Homemade French Bistro

Are you a “Modern Family” fan? If you haven’t seen the show, it’s an exercise comedic brilliance as far as I’m concerned. I’ve never laughed so often and so hard from a sitcom in a long time. One of the characters on the show, Sofia Vergara, recently revealed in an article that she was told she should lose weight.

“The “Modern Family” star admitted that she used to have trouble finding outfits to wear to events because the size zero dresses sent by designers didn’t fit her hourglass figure. But the actress refused to change her curvaceous shape.”

Good for her! These are things I like to read about celebrities and “diets.” She went on to say: “Columbian women are held to different standards than American women. “We’re not expected to be as thin or skinny,” Vergara said. “And we’re a little less conscious about our bodies.” ”

I think that’s a breath of fresh air. I hate seeing these models and actresses criticized on the cover of magazines because they have curves.Β  Or if they aren’t rail-thin the tabloids make fun of how they look in a swimsuit or claim they are pregnant. Who wants to look like this:

When you can look like THIS:

I’d take Sofia’s curves ANY day! I think she’s gorgeous and looks like a real woman to me. One thing I’ve noticed as my body changed with the weight loss was the loss of my curves. My breasts shrank, my stomach flattened, my waistline narrowed. I saw my curves disappearing a little. I’m happy with my curves. Michael asked me once what happens if I reached my “goal” of 140 pounds–what’s next? 130 pounds? Nope. I don’t WANT to be super skinny. I DO want to keep my curves! That was a realization that I came to in the last few months: a low number isn’t what I’m searching for.

QUESTION: How has social media changed the way you respond or think about yourself or your body?

Tuesday night a friend came over for dinner. Michael and I had picked out the following recipe when we Meal Planned this weekend and it sounded good to me. We bought 3 pork chops and gave it a go.

Pork Chops au Poivre

From EatingWell

Turn your dining room into a French bistro when you dress up pepper-crusted pork chops with a rich, creamy brandy sauce. Serve with roasted sweet potato slices and green beans.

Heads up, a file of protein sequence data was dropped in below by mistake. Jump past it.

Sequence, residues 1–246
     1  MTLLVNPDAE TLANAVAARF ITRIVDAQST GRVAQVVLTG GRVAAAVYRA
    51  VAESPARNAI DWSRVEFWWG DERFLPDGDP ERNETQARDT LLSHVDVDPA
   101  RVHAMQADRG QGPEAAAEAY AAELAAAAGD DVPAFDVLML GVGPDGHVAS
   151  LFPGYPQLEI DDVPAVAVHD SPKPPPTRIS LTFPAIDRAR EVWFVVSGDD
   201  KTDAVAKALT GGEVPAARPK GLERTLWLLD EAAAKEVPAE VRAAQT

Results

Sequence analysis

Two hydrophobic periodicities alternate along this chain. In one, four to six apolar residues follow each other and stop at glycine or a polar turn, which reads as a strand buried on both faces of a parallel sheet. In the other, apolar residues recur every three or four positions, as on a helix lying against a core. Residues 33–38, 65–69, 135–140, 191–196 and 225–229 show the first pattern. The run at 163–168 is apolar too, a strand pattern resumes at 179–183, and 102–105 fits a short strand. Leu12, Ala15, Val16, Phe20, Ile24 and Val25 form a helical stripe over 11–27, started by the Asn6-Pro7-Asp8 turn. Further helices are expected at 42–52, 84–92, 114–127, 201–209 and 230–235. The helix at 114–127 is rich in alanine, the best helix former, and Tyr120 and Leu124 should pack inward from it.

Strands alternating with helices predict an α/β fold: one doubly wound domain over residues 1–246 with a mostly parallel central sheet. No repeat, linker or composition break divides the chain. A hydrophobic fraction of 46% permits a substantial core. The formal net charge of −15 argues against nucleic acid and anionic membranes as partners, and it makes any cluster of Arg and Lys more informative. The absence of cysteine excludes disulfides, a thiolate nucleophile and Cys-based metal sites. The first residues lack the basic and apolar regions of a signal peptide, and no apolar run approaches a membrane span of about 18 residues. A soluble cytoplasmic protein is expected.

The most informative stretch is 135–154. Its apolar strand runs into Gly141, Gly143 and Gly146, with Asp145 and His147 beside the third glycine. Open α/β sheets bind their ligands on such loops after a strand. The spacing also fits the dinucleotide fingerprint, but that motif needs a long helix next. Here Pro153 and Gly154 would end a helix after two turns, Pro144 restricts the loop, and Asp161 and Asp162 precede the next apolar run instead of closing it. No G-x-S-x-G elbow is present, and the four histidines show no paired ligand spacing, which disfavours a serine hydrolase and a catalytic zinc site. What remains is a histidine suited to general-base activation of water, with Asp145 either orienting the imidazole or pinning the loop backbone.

* 1 teaspoon coarsely ground black pepper
* 1/2 teaspoon salt, divided
* 4 4-ounce boneless pork chops, 1/2 inch thick, trimmed
* 3 tablespoons all-purpose flour
* 2 tablespoons extra-virgin olive oil
* 1 medium shallot, minced
* 1/2 cup brandy
* 1/4 cup reduced-fat sour cream


1. Combine pepper and 1/4 teaspoon salt in a small bowl. Pat the mixture onto both sides of each pork chop. Place flour in a shallow dish; dredge each chop in the flour, shaking off any excess.
2. Heat oil in a large skillet over medium-high heat. Add the chops, reduce heat to medium and cook until browned and just cooked through, 2 to 3 minutes per side. Transfer to a plate and tent with foil to keep warm.
3. Reduce heat to medium-low. Add shallot to the pan and cook, stirring, until softened, about 1 minute. Add brandy and cook, stirring and scraping up any browned bits, until most of the liquid has evaporated, 1 to 2 minutes. Remove from the heat; stir in sour cream and the remaining 1/4 teaspoon salt. Serve the pork chops with the sauce.

Nutrition Per serving (4 Servings): 299 Calories; 15 g Fat; 4 g Sat; 8 g Mono; 72 mg Cholesterol; 3 g Carbohydrates; 22 g Protein; 0 g Fiber; 342 mg Sodium; 319 mg Potassium

The pork chops were easy and Michael just prepared them in the skillet the way he normally does. The only difference was the flour.

Michael didn’t think the flour was necessary by I liked the extra flavor and crunchiness it added. Instead of sweet potatoes and green beans I baked a squash of unknown origin. There was no sticker on it so I am at a loss for what it was!

The squash was small but took a long time to bake.

Dinner was delicious but I was disappointed that the “gravy” wasn’t very thick. Too much brandy perhaps?

What kind of squash do you think I picked up? It was sweet but not overly sweet and when I first cut it open and scooped out the seeds it smelled like cucumber.

Our friend Kat brought her adorable baby so I got my baby fix too. Kat also baked a PIE!! From scratch! Oh my did it smell good. It was still warm too.

It tasted delicious. It fell apart but it tasted good. She used the Paula Deen recipe for Apple Pie but I’m not sure which one.

There’s nothing better than homemade pie. I had a great time. The kitties–not so much. They were alarmed by the baby in the house and they scattered whenever she made noises. Poor Maya!

Scared to pieces. πŸ™‚

QUESTION: What’s your favorite homemade pie recipe? Any tips for a newbie that wants to try?

Author: Lisa Eirene

About Lisa Eirene Lisa lost 110 pounds through calorie counting and exercise. She swims, bikes, runs, hikes and is enjoying life in Portland, Oregon. Her weight loss story has been featured in First Magazine, Yahoo Health, Woman's Day and Glamour.com.

15 thoughts on “Homemade French Bistro”